So, it's only been a few days since I wrote about Australia's plight to get the Parthenon Marbles returned from Great Britain to their original homeland. Since then, however, a fair bit more news on the marbles has been released so it's time for an update.

On December 9 came the news that Culture Minister Aristides Baltas had decided that Athens will no longer claim the return of the Parthenon sculptures from the British Museum in fear that Greece might lose the legal battle. The committee was, however, working on a draft bill for the return of cultural artifacts that have been illegally removed from Greek soil.

Former culture minister Costas Tasoulas called the handling of the issue 'unacceptable'. Tasoulas had made an effort to pursue the return of the Parthenon sculptures using the legal advice of a British law firm. The British law firm gave the document of their counsel to the Greek Embassy in London which was forwarded to the ministry of culture. The ministry of culture ignored the counsel and refused to accept it. It should be noted that the total cost of the legal advice came to 200,000 English pounds, an amount that was paid by a Greek living in London who preferred to remain anonymous.

This seemed to be the end of the issue for Greece. On December 12,  however, the United Nations adopted a resolution in favor of the Decision for 'Restitution or Return of Cultural Property in the countries of origin' which includes an explicit reference to the return of the Parthenon Marbles. A total of 74 countries, including many European Union member states, a significant number of Latin American countries and several Arab and African states are involved in the initiative.

This is an initiative to facilitate the return of cultural property to countries of origin and the efforts to protect cultural heritage. These are two dimensions that are highly relevant and critical today, as both the Middle East suffers daily from destruction of works of art, archaeological artifacts and monuments of cultural heritage. At the same time, smuggling of cultural property is used as a means of financing terrorism.

The original press release by the UN can be found here. The relevant bits is:

"[...] CATHERINE BOURA (Greece), introducing the draft resolution “Return or restitution of cultural property to the countries of origin” (document A/70/L.28), expressed hope that it would be adopted by consensus as in previous years. She said the report by the Director-General of the United Nations Educational, Scientific and Cultural Organization (UNESCO) on the action taken by that body on the return or restitution of cultural property to the countries of origin (document A/70/365) outlined relevant developments over the past three years, and was timely due to international activities such as cross-border movement of cultural objects, money laundering and the sale of cultural artefacts.  The looting of monuments in Iraq and Syria showed that multi-confessional communities were threatened by terrorism, she said, noting that the draft resolution expressed deep concern about theft of cultural objects in areas of armed conflict and condemned the looting and destruction of cultural heritages sites. There was a link between the destruction of cultural artefacts and the financing of terrorism, she said, emphasizing the importance of raising awareness and capacity-building in that regard.  The international community had a responsibility to protect cultural heritage in times of peace and war, she added.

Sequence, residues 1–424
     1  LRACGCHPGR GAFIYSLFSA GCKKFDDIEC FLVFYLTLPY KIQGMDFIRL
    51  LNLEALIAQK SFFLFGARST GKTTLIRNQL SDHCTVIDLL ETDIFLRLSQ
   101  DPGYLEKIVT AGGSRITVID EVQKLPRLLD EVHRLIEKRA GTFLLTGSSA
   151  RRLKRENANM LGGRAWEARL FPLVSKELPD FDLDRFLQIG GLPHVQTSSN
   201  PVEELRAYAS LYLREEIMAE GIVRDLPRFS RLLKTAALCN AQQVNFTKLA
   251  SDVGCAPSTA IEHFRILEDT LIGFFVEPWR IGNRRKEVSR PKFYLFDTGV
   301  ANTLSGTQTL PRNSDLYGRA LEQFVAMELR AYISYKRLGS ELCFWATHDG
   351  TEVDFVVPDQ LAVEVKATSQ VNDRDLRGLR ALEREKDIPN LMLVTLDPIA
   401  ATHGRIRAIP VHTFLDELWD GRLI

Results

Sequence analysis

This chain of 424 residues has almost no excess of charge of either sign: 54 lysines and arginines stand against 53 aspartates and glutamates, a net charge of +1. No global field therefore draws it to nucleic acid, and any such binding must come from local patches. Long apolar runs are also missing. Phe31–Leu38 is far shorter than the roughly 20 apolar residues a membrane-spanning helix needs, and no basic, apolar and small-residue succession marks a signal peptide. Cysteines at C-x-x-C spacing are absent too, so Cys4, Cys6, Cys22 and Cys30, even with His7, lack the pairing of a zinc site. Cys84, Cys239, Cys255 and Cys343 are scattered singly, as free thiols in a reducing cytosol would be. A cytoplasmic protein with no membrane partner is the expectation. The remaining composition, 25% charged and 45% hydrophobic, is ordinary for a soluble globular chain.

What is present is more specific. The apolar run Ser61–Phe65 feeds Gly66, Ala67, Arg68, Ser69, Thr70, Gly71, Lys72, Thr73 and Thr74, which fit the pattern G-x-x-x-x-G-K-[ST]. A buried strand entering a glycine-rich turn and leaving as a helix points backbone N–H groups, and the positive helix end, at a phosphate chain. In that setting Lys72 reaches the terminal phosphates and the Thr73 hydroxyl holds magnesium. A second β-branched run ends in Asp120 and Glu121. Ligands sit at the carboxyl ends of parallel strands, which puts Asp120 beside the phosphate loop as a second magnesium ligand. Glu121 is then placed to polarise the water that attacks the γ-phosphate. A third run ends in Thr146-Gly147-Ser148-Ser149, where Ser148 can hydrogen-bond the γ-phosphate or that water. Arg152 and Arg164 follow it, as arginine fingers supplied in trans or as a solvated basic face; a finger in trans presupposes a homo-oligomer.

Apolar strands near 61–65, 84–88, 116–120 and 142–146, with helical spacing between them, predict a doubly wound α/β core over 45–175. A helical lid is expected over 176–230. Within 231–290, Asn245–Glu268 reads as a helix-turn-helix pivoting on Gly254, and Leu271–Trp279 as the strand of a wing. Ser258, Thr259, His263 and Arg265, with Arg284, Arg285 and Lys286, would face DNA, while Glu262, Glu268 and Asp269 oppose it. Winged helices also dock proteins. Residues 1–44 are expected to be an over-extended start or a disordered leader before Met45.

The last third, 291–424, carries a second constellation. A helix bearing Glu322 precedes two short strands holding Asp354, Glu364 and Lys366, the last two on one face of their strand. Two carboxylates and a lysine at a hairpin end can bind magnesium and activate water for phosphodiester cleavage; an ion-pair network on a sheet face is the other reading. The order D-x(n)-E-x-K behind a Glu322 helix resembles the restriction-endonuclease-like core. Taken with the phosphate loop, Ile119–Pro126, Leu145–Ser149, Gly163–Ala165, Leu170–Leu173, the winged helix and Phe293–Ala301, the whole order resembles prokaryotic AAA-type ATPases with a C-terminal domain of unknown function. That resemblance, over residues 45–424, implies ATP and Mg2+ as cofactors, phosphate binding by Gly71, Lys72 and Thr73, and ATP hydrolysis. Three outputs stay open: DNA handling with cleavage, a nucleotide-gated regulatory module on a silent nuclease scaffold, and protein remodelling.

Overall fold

[...] The Assembly then adopted, by consensus, the draft resolution on the return or restitution of cultural property to the countries of origin (A/70/L.28)."

And so, it seems, that this issue has not been ended after all. While the focus of the bill was on protecting national treasures ffrom IS, the bill does leave an opening for Greece's claim, if they are willing to pursue. It is, however, the same type of opening as they have had for years now, so not much may change in practice.